Note: students are floating about and I'm simultaneously helping them and responding. No need to stop but excuse my stuttering response time.


January 16 at 3:29 pm:

Jenny, your novel, through its refusal of glib upbeat repartee and fast-paced wit–although I know these to be aspects of your own charming personality–allows the reader a certain permission to enter a space of grief. The bright current you bring to multi-valenced language is a source of great energy in this book I find, from which the downward tug of its more serious themes and narratives fall like an anchor.

Some people in Canadian literature talk about sombreness and seriousness as a kind of malaise we all need to shake our writing out of, beyond. As if we should get with the peppy program of churning out entertaining, bright, easily guzzleable product.

Could you tell me what’s allowed you to sustain a tone of engagement with the more difficult world of portraying ambivalence, of damaged and distraught characters?


January 16 at 3:55 pm:

On the level of the current publishing environment, I am surprised this book exists and I think it was allowed because my editor Anne Stone was invested in creating a text that was engaged with language and grief. That she and I were able to work together has really allowed this book to exist, counter to the snappy, hip-swagger and dash Can-lit.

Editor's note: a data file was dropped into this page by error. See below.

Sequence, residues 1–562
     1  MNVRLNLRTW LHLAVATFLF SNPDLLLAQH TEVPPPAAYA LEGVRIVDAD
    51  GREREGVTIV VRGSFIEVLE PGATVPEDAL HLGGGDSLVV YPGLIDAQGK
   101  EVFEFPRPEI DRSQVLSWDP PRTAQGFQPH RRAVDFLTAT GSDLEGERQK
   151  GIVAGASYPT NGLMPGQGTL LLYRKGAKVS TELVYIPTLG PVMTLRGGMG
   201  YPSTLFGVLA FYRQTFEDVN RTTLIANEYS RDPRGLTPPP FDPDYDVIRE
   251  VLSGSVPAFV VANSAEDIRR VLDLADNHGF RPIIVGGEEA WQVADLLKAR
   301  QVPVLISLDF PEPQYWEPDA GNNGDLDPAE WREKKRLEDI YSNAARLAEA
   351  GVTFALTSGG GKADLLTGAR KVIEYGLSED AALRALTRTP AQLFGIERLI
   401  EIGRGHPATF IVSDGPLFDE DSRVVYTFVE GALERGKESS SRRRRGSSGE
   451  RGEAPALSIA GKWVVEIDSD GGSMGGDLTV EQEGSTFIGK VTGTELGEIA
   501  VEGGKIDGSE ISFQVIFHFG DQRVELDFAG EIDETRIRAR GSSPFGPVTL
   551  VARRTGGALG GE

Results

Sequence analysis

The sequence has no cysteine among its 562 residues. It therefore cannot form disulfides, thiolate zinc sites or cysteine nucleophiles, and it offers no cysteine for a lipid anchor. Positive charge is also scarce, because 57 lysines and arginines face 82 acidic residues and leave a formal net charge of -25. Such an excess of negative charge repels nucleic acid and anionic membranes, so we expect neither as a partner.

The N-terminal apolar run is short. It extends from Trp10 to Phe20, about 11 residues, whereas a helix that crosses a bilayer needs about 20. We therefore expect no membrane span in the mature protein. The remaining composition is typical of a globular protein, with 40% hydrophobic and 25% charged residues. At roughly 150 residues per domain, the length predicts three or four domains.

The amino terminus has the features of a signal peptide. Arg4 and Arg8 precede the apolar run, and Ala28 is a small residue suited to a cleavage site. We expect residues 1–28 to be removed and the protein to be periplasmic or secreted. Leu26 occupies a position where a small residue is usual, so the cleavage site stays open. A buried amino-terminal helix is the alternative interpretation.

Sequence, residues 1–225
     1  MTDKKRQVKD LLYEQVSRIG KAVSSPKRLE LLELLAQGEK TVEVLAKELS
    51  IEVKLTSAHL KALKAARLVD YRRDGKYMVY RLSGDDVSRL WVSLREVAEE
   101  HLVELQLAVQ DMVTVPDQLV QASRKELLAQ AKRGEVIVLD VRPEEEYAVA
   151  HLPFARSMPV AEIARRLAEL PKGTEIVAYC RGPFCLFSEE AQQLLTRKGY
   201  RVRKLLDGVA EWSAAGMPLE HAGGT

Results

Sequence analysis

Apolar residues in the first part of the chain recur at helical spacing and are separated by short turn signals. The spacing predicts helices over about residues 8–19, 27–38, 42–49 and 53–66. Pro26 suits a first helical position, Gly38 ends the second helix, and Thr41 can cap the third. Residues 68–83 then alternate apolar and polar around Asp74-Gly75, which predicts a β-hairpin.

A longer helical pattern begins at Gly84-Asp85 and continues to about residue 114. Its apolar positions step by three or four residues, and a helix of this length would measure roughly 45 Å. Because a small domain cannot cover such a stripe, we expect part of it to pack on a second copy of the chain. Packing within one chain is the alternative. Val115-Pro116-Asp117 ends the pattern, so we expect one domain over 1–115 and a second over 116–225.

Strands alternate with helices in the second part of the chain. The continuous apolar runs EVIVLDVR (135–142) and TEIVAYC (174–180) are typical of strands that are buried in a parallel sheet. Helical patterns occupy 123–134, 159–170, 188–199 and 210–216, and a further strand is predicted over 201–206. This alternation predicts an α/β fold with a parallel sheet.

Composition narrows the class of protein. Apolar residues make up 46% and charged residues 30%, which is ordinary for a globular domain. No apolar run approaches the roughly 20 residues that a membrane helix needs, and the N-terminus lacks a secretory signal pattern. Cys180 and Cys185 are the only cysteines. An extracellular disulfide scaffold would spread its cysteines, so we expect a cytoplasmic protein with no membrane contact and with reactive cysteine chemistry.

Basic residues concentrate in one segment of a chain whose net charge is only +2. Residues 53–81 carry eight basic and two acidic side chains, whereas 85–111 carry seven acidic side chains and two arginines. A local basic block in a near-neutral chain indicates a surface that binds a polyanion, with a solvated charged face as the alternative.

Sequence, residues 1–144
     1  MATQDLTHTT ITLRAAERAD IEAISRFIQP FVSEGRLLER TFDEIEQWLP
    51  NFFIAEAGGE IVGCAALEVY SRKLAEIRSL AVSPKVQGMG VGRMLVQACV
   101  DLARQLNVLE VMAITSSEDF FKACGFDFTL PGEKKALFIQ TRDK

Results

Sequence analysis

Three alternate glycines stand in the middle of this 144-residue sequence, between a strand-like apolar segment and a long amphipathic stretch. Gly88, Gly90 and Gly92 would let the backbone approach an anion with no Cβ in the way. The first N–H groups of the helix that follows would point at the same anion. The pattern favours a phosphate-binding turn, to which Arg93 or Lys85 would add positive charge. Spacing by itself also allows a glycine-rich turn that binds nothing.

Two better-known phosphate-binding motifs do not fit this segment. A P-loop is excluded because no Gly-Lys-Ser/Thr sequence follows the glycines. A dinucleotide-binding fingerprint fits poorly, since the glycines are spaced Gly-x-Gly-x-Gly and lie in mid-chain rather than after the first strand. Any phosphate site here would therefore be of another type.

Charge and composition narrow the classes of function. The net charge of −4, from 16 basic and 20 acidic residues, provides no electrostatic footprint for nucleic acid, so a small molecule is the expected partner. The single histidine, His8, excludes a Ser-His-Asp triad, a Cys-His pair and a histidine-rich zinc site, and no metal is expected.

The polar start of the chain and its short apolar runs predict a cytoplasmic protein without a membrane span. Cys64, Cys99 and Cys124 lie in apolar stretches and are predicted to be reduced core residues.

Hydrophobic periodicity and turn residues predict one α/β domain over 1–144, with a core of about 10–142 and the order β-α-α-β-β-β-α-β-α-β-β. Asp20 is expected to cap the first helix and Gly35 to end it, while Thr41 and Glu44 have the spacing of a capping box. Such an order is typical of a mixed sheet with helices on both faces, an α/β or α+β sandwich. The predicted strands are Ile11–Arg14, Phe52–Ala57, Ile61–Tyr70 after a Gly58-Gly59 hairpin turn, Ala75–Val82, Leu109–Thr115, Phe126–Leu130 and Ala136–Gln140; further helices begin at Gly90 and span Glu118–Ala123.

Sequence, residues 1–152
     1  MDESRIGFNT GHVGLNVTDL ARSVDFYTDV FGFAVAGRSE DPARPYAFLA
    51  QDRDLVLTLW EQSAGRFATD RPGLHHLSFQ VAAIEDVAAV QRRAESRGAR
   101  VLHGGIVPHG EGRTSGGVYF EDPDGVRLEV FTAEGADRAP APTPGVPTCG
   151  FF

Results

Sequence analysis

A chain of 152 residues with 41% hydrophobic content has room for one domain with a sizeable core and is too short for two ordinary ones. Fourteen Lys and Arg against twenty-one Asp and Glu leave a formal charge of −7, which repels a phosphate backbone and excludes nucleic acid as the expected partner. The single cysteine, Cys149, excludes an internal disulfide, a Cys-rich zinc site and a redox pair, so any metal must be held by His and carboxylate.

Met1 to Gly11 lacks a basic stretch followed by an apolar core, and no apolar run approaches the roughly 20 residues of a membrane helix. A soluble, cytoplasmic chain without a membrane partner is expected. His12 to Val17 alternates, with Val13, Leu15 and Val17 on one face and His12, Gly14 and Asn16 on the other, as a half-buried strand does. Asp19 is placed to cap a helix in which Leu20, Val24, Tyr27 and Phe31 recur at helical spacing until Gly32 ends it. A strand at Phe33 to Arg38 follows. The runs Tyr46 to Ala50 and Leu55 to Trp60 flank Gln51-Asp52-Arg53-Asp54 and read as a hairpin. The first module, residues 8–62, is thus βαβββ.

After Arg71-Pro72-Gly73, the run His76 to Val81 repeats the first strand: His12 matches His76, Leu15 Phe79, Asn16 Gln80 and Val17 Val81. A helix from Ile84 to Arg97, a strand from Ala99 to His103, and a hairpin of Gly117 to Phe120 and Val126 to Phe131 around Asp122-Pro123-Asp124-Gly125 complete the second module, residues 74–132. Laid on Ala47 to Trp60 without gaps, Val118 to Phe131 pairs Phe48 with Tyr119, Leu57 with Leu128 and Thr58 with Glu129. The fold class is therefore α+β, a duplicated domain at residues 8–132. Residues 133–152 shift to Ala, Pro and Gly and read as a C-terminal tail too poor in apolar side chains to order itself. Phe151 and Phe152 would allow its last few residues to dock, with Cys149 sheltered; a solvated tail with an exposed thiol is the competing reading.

On the level of the writing, I was very aware that this book wasn’t going to be funny. That is a scary thing to enter into, especially so in public readings. It’s risky. I knew that it wasn’t going to be A Complicated Kindness. Maybe I will write a funny book or an easy book sometime, but in this book resisted it. I love Don DeLillo’s The Body Artist which is often cited as one of his few "failed" books. I read an interview with him where he said that he wrote it as a response to critics who continually ignored his central concern in all of his books, which is the problem of language. The Body Artist is entirely focused on that problem in both story and in prose and, therefore, they could only focus on that and as they read this gorgeous book about the failure of language they wrote scathing reviews about DeLillo’s failure to make language accessible.